An interview with 2005/2006 Ford GT Chief Designer Camilo Pardo.
Ten Questions with Ford GT Chief Designer Camilo Pardo
Ford GT Forum(1): How close was the decision to build the GT vs. the ’49 Ford as Ford’s choice of it’s centennial car?
Camilo Pardo: There was never a decision, you know, to pick the GT or the 49′. The GT was well into it’s feasibility. There was two models: feasibility and concept car. The 49′ came into the studio and only lasted a few weeks, in the advanced studio for feasibility. There was also the T-bird, considered to be part of that group, the legends group, and the other one was the GR-1 that was going to be coming, and it never made it either.
Ford GT Forum(2): When reflecting back upon the project there had to be many turning points however of all of them which “single” item was changed because of manufacturing issues and or cost that you wish had remained?
Camilo Pardo: We fought heavily over some details, because basically the concept car that came out in 2002 was what the design team wanted. That was, you know, basically if we could have everything. So we lost the second fuel lid. There was a lot of safety issues with that. People said you’ll put fuel in the wrong one, and I wanted it to be for washer fluid and they said “look, your windshield will catch on fire!” and all kind of crazy stuff went down.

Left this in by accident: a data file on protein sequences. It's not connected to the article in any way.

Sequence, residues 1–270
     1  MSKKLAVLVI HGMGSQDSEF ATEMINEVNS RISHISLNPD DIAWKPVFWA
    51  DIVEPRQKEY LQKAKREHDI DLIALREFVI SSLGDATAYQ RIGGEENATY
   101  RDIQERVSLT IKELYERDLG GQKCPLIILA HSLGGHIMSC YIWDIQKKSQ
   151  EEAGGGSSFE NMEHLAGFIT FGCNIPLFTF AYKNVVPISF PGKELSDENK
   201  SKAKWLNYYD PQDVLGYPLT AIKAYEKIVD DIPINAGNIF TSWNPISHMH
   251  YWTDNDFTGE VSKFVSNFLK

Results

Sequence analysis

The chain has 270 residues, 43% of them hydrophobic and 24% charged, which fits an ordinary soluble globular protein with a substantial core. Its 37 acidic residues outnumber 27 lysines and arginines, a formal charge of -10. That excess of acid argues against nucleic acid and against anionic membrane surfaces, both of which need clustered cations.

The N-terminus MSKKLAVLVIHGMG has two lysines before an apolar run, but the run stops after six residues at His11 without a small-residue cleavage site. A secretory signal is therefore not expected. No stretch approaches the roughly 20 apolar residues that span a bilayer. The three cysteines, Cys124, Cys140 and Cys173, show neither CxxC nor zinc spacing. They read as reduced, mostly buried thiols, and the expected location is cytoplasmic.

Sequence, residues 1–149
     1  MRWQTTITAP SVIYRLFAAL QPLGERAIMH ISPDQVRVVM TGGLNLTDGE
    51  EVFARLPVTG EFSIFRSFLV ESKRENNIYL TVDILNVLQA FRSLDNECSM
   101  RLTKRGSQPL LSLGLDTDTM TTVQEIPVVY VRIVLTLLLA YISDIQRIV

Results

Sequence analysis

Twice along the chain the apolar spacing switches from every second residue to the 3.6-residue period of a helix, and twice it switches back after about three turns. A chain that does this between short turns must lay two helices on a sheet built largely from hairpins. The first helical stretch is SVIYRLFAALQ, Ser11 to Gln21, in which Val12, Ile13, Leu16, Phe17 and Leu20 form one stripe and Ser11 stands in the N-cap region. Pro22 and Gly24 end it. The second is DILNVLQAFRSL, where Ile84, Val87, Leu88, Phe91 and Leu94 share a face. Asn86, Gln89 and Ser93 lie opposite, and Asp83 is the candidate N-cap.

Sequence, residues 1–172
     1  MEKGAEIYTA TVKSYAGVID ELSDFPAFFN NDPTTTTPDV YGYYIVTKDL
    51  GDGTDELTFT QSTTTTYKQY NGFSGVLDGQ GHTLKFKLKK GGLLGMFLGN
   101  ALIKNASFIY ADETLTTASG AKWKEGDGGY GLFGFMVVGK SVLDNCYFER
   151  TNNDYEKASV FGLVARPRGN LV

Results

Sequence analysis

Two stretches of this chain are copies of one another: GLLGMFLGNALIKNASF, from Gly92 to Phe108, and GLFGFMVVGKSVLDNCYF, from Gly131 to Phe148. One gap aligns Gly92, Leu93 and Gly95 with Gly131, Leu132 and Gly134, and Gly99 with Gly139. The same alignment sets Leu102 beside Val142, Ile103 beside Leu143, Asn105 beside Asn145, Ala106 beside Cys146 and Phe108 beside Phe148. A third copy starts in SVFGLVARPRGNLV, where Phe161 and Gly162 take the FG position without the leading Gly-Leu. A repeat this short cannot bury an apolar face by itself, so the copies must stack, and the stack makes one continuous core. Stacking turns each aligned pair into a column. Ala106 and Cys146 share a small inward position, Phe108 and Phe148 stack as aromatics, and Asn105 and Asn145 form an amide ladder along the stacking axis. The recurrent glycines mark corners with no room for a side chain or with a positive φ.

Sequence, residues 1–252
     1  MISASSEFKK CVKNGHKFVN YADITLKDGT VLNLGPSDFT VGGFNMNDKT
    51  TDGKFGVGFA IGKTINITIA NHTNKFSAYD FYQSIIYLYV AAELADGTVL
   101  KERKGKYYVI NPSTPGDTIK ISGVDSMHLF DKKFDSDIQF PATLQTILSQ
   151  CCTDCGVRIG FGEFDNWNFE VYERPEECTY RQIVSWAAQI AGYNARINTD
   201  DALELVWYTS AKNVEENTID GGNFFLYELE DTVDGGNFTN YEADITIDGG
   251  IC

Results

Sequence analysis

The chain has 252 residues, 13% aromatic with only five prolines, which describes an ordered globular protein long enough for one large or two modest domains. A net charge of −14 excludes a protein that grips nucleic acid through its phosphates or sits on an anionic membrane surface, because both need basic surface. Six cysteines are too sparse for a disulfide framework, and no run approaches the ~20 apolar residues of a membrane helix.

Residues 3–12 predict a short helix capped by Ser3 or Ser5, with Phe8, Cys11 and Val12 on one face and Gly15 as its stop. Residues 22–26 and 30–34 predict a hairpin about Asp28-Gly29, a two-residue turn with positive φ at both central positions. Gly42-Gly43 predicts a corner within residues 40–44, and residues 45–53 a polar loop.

We fought very hard to not have that rear bumper you know, and we designed it so it could be removed, and look what’s happened. I’d love to count how many GT’s don’t have bumpers on them anymore.
The wheels were probably one of the coolest things on the concept car we couldn’t keep. They were very deep and it was a fantastic design. It looked better than both our wheels we have now, but to keep the geometry of the suspension and brakes that was going to be optimum, and you see it on every contemporary car, the wheels are not deep anymore.
Ford GT Forum(3): Why was the exhaust not the bundle of snake design?